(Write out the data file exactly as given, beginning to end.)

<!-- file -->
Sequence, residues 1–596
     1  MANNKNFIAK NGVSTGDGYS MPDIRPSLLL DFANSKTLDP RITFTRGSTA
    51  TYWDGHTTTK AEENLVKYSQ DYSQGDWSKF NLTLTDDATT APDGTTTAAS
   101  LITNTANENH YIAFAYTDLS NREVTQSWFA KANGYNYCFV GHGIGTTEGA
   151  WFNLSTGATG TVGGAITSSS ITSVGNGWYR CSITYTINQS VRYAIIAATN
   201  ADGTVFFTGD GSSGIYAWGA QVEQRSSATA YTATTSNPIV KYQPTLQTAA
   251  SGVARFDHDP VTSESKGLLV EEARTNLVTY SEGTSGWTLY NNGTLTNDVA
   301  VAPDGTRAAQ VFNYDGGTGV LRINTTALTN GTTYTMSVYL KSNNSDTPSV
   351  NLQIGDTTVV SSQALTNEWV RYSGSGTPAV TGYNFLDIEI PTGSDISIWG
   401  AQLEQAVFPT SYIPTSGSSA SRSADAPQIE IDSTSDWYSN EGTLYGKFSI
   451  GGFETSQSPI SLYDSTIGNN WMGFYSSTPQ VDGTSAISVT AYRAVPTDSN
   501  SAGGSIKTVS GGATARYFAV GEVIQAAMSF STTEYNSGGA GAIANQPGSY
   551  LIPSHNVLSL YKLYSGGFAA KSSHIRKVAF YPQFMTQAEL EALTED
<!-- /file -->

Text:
Sequence, residues 1–596
     1  MANNKNFIAK NGVSTGDGYS MPDIRPSLLL DFANSKTLDP RITFTRGSTA
    51  TYWDGHTTTK AEENLVKYSQ DYSQGDWSKF NLTLTDDATT APDGTTTAAS
   101  LITNTANENH YIAFAYTDLS NREVTQSWFA KANGYNYCFV GHGIGTTEGA
   151  WFNLSTGATG TVGGAITSSS ITSVGNGWYR CSITYTINQS VRYAIIAATN
   201  ADGTVFFTGD GSSGIYAWGA QVEQRSSATA YTATTSNPIV KYQPTLQTAA
   251  SGVARFDHDP VTSESKGLLV EEARTNLVTY SEGTSGWTLY NNGTLTNDVA
   301  VAPDGTRAAQ VFNYDGGTGV LRINTTALTN GTTYTMSVYL KSNNSDTPSV
   351  NLQIGDTTVV SSQALTNEWV RYSGSGTPAV TGYNFLDIEI PTGSDISIWG
   401  AQLEQAVFPT SYIPTSGSSA SRSADAPQIE IDSTSDWYSN EGTLYGKFSI
   451  GGFETSQSPI SLYDSTIGNN WMGFYSSTPQ VDGTSAISVT AYRAVPTDSN
   501  SAGGSIKTVS GGATARYFAV GEVIQAAMSF STTEYNSGGA GAIANQPGSY
   551  LIPSHNVLSL YKLYSGGFAA KSSHIRKVAF YPQFMTQAEL EALTED